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Death-rolling the Crocodile

June 14, 2011

Today’s ride: 77km—Rattlesnake Point

Weather: Overcast with some sun (cool wind to start)

If our understanding of evolutionary theory holds any water (I think it does), then crocodiles must be the perfect predator: they’ve hardly changed since dinosaurs roamed the earth. I’ve long been fascinated with crocodiles—there’s something terribly ferocious yet magically tantalizing about a crocodile wrapping its prey in a death roll. It’s so completely violent and frantic. And it’s typically over so quickly. Well, as they say: some days you death-roll the crocodile; some days the croc death-rolls you. Actually, I just made that up. I don’t think anyone says that. The notion is sound, but who really death-rolls crocodiles? I’m drifting off-track, but the bigger point is that today I took on a nasty climb and survived—just…

My “crocodile” was going up Appleby Line to Rattlesnake Point, a rather peculiar outpost on the Niagara escarpment, which stands out well above its surrounding landscape. I’m not altogether sure why I’m trying to connect crocodiles and rattlesnakes, but there you have it. This is a monster of a climb, even if it is short. Including the fairly tame run-up, below, the climb works out to 10%. Some of the pitches are completely nasty; it’s been a very long time since I actually worried about having to put a foot down in mid-climb. It was slow, my lungs were burning, and my legs were screaming at me. I don’t remember the last time I suffered all three at the same time. This was humbling.

Is it just me, or do all pics of roads rolling away from the camera start to look alike? Any tips on how I can liven up the photography on the site?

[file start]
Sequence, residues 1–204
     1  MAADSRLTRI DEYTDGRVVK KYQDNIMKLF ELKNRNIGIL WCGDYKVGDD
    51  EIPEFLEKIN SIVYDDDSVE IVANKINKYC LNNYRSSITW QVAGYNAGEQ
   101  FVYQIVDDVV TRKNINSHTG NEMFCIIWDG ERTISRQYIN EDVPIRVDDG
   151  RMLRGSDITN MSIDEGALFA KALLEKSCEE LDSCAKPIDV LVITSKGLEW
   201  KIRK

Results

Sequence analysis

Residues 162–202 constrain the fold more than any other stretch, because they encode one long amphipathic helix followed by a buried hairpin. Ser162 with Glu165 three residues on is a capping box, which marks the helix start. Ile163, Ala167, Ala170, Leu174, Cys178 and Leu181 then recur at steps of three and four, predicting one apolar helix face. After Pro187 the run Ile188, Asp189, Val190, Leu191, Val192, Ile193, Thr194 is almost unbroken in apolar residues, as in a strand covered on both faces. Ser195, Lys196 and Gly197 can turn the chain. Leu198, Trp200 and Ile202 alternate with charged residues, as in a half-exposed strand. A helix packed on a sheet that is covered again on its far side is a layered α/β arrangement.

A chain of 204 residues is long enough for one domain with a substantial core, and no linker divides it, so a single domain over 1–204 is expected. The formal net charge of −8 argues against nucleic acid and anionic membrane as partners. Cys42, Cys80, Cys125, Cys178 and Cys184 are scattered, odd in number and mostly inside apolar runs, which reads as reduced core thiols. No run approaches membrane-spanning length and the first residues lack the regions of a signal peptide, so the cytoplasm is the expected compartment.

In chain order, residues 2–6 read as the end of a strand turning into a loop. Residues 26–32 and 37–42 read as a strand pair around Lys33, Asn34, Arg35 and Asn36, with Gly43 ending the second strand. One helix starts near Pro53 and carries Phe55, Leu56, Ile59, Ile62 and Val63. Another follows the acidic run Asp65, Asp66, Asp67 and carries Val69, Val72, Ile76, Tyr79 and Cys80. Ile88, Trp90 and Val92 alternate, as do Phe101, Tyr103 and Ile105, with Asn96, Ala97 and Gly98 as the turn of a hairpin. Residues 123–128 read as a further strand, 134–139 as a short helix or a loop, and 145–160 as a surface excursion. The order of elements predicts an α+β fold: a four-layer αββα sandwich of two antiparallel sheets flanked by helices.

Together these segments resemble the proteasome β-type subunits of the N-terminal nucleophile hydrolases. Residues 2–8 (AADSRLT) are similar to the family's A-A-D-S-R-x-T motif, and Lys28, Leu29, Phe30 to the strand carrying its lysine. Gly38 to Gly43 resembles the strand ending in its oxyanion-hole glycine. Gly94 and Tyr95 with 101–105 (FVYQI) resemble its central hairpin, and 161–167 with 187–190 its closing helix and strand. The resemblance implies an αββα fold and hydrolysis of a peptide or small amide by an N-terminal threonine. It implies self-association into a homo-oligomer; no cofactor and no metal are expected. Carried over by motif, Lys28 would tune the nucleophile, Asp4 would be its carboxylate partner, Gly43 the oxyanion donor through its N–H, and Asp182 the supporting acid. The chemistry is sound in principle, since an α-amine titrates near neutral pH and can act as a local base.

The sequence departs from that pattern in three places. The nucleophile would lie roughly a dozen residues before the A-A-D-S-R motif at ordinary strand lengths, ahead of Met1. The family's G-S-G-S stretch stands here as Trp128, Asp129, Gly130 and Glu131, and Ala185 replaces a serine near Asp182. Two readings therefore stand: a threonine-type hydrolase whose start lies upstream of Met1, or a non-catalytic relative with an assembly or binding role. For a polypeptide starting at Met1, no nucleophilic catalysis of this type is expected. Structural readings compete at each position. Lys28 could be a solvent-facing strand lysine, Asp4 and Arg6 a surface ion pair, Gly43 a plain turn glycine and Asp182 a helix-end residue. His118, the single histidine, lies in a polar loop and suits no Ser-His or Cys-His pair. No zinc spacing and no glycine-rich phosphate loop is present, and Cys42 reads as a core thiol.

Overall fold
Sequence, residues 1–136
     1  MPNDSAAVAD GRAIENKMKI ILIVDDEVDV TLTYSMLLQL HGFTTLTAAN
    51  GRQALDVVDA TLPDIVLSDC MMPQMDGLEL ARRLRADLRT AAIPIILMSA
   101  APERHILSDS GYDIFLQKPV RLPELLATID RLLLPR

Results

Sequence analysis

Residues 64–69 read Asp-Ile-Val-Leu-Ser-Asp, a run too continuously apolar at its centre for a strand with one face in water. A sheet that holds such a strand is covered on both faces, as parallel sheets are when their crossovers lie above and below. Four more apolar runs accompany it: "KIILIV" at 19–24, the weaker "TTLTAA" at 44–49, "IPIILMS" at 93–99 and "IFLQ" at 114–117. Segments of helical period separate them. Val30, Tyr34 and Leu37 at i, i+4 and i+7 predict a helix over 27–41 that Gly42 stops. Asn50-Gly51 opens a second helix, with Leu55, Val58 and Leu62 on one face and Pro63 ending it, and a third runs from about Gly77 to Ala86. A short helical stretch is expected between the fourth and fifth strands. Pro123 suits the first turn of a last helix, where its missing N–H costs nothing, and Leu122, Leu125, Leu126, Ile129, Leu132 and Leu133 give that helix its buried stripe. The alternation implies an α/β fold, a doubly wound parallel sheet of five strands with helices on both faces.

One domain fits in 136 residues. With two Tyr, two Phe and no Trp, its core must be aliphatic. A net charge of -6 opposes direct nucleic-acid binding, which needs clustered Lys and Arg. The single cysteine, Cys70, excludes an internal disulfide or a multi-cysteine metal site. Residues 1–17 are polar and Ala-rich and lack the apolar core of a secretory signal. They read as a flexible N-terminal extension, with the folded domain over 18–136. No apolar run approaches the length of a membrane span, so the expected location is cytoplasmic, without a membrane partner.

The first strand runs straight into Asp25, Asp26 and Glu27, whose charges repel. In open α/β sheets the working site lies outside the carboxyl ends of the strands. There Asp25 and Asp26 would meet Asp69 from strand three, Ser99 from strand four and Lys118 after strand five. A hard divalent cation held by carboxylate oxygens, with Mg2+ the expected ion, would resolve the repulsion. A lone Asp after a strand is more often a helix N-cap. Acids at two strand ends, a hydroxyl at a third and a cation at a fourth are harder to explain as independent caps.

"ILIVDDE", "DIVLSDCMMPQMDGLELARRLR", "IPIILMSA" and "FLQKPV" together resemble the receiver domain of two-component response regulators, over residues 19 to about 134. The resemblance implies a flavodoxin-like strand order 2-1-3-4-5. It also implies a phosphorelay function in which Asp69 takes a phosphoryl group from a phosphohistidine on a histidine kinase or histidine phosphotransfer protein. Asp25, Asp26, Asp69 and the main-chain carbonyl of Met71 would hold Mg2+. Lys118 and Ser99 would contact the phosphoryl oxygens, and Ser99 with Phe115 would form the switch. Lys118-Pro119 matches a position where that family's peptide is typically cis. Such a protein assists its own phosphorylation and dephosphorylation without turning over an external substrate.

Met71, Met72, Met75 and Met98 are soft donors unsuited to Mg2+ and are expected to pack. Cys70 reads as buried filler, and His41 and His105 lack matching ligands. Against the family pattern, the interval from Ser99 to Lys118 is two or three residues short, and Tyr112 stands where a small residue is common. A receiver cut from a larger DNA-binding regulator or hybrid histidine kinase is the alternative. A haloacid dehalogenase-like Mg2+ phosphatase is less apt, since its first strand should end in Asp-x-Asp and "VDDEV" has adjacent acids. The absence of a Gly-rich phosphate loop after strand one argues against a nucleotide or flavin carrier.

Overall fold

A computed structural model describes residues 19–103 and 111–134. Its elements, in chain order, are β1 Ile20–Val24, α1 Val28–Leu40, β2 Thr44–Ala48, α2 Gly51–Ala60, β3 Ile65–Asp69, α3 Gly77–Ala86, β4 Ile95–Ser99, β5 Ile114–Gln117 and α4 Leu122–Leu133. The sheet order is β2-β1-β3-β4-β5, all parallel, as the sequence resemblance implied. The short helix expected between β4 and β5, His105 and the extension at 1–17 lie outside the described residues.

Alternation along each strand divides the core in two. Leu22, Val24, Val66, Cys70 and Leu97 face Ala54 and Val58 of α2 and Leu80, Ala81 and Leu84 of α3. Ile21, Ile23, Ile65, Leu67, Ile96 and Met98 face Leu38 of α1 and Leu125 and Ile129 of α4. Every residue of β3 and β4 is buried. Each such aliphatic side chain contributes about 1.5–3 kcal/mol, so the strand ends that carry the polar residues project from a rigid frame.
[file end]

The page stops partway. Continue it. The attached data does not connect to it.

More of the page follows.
The truth of it is I should have done better (and will get another chance on Friday). I stopped at the bottom to take the two pictures that accompany this post. That was mistake number one. However modest, it took some work to build up any momentum before things started going up sharply. Mistake number two: at said stop, I took a big swig of my sports drink, which I felt bubbling around as heart and lungs went to work. Not good. Mistake number three: I attacked the bottom of the steep bit much too aggressively, building up into a sprint out of the saddle, which took my heart rate into the red much too soon. A more humble and patient start to the climb might have helped me sustain my endurance better.

Otherwise, the ride went well (I got a fly in each ear—at different points—and swallowed another, which was scary, since I thought it was a wasp). This ride also marked my crossing the 1000km barrier, which is a good (albeit belated) number of kilometers for Bikes to Rwanda. It was nice to feel as though I’m headed in the right direction, and I hope to get in more riding as the summer progresses. This Friday, I’ll repeat today’s route with two colleagues who also ride (today was about making sure I could do it before making a fool of myself in front of others). Shooting for a minimum of 150km a week is a good target.

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